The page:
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Hertz Washmobile System v. Village of South Orange

Decided: July 20, 1956.

HERTZ WASHMOBILE SYSTEM, A CORPORATION OF NEW JERSEY, PLAINTIFF,
v.
THE VILLAGE OF SOUTH ORANGE, A MUNICIPAL CORPORATION OF NEW JERSEY, DEFENDANT



Weintraub, J.s.c.

Weintraub

[41 NJSuper Page 112] Plaintiff seeks a declaration that a Sunday closing ordinance of defendant is invalid. The ordinance, adopted by a vote of 4 to 2, prohibits the operation of plaintiff's washmobile business along with certain other commercial activities on Sunday, under penalty of fine and imprisonment.

The issues are whether the ordinance (1) is beyond the police power of the municipality; (2) is discriminatory, unreasonable, and oppressive as applied to plaintiff because of an alleged design to drive plaintiff out of business and to deprive plaintiff, by circumvention, of a permit duly issued under the zoning ordinance; (3) is discriminatory in violation of the equal protection clause of the Fourteenth Amendment to the Federal Constitution and of the concept of equality which inheres in Article I, paragraph 1 of the State Constitution, in that the classifications of activities are arbitrary and unreasonable and unrelated to the alleged evil; (4) violates the principle of reasonableness which must attend the exercise of municipal powers; and (5) is beyond municipal power in that it conflicts with the state statute relating to Sunday activities. Some of these questions were recently raised in City of Elizabeth v. Windsor-Fifth Avenue, Inc. , 31 N.J. Super. 187 (App. Div. 1954), where, however, most of them were not actually resolved.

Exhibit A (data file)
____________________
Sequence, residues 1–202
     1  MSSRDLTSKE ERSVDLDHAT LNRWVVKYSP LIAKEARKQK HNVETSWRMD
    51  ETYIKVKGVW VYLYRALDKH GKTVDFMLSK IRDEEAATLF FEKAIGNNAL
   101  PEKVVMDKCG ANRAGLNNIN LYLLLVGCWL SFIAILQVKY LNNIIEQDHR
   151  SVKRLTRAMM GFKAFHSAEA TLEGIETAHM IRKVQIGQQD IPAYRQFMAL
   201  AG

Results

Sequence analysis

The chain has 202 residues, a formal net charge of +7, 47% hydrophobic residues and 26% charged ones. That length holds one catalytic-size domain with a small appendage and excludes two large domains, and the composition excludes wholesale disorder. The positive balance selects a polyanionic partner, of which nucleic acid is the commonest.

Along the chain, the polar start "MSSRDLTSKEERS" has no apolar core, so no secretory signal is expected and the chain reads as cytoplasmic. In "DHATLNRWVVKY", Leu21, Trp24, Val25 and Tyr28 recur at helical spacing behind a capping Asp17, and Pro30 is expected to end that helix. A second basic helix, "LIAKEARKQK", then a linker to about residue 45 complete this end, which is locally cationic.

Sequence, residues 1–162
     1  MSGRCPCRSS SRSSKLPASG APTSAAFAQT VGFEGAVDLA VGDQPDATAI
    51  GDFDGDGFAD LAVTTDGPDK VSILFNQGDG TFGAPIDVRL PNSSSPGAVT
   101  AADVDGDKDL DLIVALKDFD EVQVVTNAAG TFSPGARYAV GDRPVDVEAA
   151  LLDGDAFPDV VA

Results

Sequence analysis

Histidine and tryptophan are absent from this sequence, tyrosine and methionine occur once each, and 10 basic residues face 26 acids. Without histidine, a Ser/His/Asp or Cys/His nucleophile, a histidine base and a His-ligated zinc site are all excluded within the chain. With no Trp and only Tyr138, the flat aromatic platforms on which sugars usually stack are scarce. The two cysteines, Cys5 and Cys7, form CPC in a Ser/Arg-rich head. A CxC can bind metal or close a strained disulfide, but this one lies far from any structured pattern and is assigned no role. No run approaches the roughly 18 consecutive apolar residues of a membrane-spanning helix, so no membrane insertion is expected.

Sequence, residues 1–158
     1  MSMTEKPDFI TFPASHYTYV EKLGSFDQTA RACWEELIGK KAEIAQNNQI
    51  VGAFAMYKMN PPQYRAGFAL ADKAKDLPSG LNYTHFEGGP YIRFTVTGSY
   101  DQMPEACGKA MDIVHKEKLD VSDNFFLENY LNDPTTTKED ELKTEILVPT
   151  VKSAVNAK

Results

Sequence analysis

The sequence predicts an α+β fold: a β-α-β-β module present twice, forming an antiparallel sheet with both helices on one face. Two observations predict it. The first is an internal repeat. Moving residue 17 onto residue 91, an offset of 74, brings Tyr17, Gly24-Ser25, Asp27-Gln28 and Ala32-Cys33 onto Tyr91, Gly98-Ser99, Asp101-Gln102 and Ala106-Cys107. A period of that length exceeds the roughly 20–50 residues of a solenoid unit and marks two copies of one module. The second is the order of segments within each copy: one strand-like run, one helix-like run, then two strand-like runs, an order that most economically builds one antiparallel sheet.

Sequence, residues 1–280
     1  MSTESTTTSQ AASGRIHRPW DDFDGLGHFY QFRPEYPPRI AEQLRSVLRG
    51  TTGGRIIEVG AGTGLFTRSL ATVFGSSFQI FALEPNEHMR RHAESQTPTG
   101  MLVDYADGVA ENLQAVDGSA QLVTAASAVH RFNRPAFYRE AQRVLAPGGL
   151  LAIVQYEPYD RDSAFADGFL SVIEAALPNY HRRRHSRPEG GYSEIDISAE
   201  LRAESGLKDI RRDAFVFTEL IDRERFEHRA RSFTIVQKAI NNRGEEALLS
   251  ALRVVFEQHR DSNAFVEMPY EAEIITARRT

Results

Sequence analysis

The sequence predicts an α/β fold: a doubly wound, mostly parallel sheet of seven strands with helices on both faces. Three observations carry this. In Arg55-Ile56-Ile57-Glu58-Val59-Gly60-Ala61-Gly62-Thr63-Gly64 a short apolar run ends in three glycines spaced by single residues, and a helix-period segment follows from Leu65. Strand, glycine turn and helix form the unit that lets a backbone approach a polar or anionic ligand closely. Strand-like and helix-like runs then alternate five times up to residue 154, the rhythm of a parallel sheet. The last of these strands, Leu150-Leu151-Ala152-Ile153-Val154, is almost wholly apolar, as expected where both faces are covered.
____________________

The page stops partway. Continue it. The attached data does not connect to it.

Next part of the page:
I.

When legislation is questioned under the due process provision in its substantive sense the inquiry is twofold: (1) whether the evil is within the reach of the police power, and (2) whether the means selected are reasonably related to the end sought to be achieved. Hence the first step must be to identify the evil. So also the charge of denial of equal protection and unreasonableness cannot be resolved except in the light of the particular evil because the propriety of the classification necessarily depends upon the objective of the legislation.

What is the evil to which Sunday legislation is addressed? Originally the impetus probably had its genesis in religious concepts, and hence we find judicial expressions that our statute sought to prevent desecration of the Sabbath. Reeves v. Butcher , 31 N.J.L. 224, 226 (Sup. Ct. 1865); Fennan v. City of Atlantic City , 88 N.J.L. 435, 437 (Sup. Ct. 1916), affirmed on opinion below, 90 N.J.L. 674-677